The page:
Saturday, December 22, 2007

Five Rules for Keeping Clients Happy

This article originally appeared in the first issue of Resume Writers' Digest. Eight years later, the information is still relevant. Enjoy!

Use these guidelines as an informal set of "rules" you can use to keep clients happy with the services you provide.

1. Keep clients informed about the current job market. Be a news source for your resume clients. Let them know what is going on in the overall job market as well as within their own industry. Read career magazines. If you specialize in an industry -- for example, healthcare professionals -- check out industry publications at the library, or take a subscription yourself.

2. Know what's important to clients. Would your client sacrifice an increase in salary for some time off? Are they looking for a job without evening or weekend hours? Having a good idea of your client's prorities can save their time -- and yours -- by weeding out job opportunities that clearly don't match up with what is important to them.

3. Stay in touch. After a year or two, it's easy to lose contact. But you can position yourself for repeat business -- and happy customers -- by keeping in touch with clients even after they've found their dream job.

Send out a note of congratulations when they get the job or for birthdays, graudations, and other significant dates.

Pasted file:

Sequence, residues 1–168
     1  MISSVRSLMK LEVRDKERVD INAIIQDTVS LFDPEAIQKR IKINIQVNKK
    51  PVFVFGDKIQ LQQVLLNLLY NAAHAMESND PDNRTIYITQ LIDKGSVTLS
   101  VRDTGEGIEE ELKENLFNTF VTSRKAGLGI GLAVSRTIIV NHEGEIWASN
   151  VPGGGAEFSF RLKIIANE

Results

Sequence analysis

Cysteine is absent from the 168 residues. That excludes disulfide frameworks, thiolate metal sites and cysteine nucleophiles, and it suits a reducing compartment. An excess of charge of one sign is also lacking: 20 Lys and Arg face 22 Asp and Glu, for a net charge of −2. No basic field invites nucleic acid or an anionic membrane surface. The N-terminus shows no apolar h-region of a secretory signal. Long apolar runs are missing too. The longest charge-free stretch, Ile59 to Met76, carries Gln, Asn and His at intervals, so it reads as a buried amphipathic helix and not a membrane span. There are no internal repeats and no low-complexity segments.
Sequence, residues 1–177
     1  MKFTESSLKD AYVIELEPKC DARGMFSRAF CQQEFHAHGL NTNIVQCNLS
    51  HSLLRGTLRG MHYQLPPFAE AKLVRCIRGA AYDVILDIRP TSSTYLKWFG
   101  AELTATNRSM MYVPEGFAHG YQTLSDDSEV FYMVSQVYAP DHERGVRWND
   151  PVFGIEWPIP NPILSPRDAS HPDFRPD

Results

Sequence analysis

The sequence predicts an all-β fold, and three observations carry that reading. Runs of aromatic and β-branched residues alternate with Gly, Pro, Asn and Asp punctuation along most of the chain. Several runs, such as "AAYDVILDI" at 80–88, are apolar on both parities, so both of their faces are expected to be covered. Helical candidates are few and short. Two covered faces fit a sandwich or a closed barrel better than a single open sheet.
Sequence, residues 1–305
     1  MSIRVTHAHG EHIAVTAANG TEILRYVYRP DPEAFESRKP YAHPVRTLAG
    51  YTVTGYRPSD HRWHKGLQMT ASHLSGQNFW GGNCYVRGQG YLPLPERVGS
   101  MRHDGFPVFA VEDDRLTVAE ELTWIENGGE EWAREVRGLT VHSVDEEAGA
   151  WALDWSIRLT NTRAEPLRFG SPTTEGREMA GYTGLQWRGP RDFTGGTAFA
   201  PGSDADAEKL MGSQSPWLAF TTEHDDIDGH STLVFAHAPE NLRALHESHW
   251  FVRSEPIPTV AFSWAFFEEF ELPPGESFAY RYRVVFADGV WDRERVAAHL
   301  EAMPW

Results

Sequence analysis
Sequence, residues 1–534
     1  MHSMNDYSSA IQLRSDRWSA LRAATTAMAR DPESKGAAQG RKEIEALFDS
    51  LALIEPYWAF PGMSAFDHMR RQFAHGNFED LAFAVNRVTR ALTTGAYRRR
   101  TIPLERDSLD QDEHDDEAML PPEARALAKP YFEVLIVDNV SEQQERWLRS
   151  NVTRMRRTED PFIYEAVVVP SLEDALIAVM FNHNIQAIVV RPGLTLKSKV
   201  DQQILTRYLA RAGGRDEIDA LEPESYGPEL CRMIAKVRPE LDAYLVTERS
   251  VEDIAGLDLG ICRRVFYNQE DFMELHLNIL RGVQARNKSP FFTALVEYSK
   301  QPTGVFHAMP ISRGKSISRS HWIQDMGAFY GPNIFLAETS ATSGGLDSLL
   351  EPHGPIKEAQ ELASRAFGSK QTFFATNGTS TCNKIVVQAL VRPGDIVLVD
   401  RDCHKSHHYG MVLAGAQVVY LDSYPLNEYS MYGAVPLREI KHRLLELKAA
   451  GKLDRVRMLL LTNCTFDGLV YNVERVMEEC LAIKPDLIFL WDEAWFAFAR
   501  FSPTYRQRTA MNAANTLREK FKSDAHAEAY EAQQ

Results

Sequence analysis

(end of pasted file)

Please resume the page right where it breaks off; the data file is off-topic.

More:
4. Be punctual. Never be unprepared for a scheduled appointment. And, if you say you're going to send something, do it right then.

If you are sloppy with handling the routine details of the resume writing transaction, the client will take that as an indication that you are sloppy in other areas as well. He or she may begin to distrust your recommendations.

5. Confidentiality is key. Sometimes clients jeopardize their jobs simply by preparing their resume. One client relayed the story of a colleague who had submitted his resume "confidentially" to a job fair. It turns out his current employer was participating in the job fair. Confronted with the evidence that he was "job shopping," he was pressured to resign.

Don't put your client's job at risk. If you call him or her at work, leave only your name, not your company name or why you are calling -- even if you get the person's voice mail. You can never tell who is monitoring voice mail or e-mail nowadays.

Advise your client about confidentiality issues -- such as not responding to blind post office box advertisements or faxing a resume for distribution at a career fair. Change names and identifying details on sample resumes. Destroy draft copies of resumes and don't leave documents out where they can be seen.

Following these five simple guidelines can help assure that your client stays happy with you -- and the services you provide.

-- From the July/August 1999 issue of Resume Writers' Digest (p. 4)

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